The good folks up in Corvallis remember the 2007-08 season all too well.
Twenty-five vomit-inducing losses.
And then there was that other thing, you know, the massive elephant in the room: An abysmal 0-19 record against Pac-10 opponents. Make no mistake, four years ago the Oregon State Beavers were doing everything conceivable to give the term 'bad basketball' a bad name. And it was working.
Obviously it was time for a change. It was a time for...hope.
Enter Craig Robinson.
Instead of making a splash with a candidate backed by years of big-time coaching experience, or one with a proven track record of pulling dilapidated programs out of the gutter, the Beavers signed a former banker. Essentially, in desperate search for its new basketball coach, Oregon State went out and hired some guy off Wall Street.
Nevermind the fact that this one-time bond trader happened to be related to the soon-to-be President of the United States. No, that probably didn't have anything to do with his hiring. And nevermind the fact that his resume for this opportunity was suspiciously devoid of the one main prerequisite for all prospective head coaches: real coaching experience. Is a few years sitting on a bench and a two-year stint (30-28 record) with Brown in the Ivy League really enough to prove a guy is ready for a power conference job? Should the hundreds of career assistants out there with just as much, if not more, experience start polishing off their resumes?
Similar to how millions of Americans fell head over heels for Robinson's brother-in law around the same time, the college basketball community was smitten with OSU's new coach from the get-go. But I'll be damned if one year into his shiny new gig, with an 18-18 campaign and an impressive CBI championship behind him, the Robinson love finally had some legs to stand on. And not because of a powerful speech or a laundry list of upcoming goals to be achieved. The proof of Robinson's immediate value was very much evident in the results he churned out. Just like it should be.
This of course made Oregon State looked like a bunch of geniuses. And why not? Robinson instilled discipline right away, handled the media well, and had this unmistakable aura about him. Most everyone close to the program felt like this was a team on the up-and-up. Not only that, but an even higher prestige job could be awaiting Robinson if he played his cards right. That was two years ago.
So what happened?
Rather eerily, Robinson's career trajectory has mirrored his brother in-law's popularity rating. The applause-worthy first season kicked off the hype-train, but things have completely regressed since. Robinson's Beavers eeked out only 14 wins in 2009-10, and then dropped all the way to 10 this past year. If you're scoring at home, that puts Robinson's career record at 43-56, a mark that looks even worse when you consider 24 of those wins are from the last two seasons.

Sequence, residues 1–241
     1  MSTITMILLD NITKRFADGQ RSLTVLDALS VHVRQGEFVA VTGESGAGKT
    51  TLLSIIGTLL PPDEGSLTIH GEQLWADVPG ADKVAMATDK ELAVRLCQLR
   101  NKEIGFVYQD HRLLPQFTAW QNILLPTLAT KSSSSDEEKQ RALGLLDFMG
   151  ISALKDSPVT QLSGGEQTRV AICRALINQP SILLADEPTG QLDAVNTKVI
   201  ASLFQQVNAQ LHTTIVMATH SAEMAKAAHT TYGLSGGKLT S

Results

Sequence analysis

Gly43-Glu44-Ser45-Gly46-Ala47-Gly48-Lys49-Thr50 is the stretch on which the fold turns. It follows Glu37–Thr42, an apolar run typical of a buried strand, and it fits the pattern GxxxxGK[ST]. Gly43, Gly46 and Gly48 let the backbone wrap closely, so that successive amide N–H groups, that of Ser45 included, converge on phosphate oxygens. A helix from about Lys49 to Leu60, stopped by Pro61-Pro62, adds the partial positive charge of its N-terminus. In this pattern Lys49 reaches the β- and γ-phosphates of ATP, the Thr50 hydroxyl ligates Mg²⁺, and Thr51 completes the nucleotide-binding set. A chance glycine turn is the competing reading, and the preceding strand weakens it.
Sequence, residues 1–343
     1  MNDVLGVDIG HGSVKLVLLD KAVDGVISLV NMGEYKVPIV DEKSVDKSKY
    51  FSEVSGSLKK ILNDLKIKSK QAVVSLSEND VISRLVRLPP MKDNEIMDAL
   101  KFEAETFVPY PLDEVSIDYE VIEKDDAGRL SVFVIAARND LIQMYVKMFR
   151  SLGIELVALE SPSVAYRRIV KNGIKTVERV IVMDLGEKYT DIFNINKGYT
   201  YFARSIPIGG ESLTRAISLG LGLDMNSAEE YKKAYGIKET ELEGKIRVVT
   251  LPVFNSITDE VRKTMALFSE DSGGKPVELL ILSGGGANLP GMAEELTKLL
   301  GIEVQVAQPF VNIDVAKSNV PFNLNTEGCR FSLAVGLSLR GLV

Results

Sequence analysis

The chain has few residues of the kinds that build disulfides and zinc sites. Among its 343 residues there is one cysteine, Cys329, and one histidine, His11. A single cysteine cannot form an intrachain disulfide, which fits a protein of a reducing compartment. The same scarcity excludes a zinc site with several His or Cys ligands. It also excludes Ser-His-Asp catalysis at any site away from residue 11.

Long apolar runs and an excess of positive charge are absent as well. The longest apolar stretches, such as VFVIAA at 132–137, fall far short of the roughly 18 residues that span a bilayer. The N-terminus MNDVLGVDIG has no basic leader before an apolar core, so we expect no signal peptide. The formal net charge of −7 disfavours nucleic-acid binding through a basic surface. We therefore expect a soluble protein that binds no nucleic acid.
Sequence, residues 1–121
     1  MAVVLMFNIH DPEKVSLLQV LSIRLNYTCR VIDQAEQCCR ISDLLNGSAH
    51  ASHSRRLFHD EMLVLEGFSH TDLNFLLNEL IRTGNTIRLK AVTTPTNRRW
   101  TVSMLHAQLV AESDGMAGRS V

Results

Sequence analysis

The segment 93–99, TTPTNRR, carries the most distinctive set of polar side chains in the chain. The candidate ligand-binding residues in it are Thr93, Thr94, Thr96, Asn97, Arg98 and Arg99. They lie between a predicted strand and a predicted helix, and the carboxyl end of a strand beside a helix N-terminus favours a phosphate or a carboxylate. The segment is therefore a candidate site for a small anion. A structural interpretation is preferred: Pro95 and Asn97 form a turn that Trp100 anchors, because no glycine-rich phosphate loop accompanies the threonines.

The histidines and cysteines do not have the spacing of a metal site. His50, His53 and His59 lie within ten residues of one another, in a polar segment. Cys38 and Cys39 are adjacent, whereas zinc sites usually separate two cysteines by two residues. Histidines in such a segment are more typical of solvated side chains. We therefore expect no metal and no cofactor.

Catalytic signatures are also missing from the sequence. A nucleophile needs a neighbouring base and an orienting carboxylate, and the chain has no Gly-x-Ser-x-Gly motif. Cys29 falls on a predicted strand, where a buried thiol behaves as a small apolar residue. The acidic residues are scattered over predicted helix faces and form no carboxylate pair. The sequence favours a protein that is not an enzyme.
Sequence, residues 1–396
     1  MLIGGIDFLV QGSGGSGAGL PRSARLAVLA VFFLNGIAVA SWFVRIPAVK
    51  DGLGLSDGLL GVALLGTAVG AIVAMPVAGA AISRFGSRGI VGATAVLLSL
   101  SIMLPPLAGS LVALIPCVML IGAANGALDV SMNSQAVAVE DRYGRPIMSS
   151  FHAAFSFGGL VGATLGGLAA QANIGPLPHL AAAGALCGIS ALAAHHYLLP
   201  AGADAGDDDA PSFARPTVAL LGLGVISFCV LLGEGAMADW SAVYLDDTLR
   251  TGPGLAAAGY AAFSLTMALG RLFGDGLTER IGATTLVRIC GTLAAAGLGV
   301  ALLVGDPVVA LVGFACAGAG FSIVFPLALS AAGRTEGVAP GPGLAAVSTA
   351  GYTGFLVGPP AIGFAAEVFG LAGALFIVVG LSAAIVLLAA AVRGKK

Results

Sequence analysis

Now normally, a sinking W/L record over a three year span is cause for future termination for most power conference coaches. At the very least it should force the man into a do-or-die situation heading into the upcoming season. But aside from drawing occasional heat from some local fans, Robinson has managed to consistently escape widespread criticism for his performance. The so-called hot seat that publicly tests the mettle of coaches in this sport doesn't appear to be offering the same type of threat for Robinson that it does for his peers. You might even go as far to say the threat level in central western Oregon has be de-elevated.
Maybe Oregon State is so overly grateful for that CBI victory that it has no qualms about giving Robinson roughly the next decade as a thank-you. Maybe the sheer amount of publicity from having ties to a current/former President is a relationship the school doesn't plan to willingly sever. Whatever the case, it's hard to imagine how he would deserve to keep his job after another woeful campaign.
Look, Robinson is a good man who's done an admirable job in Corvallis. But the results he's churning out are starting to become indefensible, even for a guy who seemingly has a longer leash than most. Respected analysts seem to think the Beavers could be a threat in 2011-12, even though we've clearly heard that before.
Oregon State has Robinson locked up through the 2015-16 season, and it's conceivable that the school expects him to finish out his contract before looking elsewhere. However, that's not to say further regression from his basketball program won't force athletic director Bob De Carolis' hand.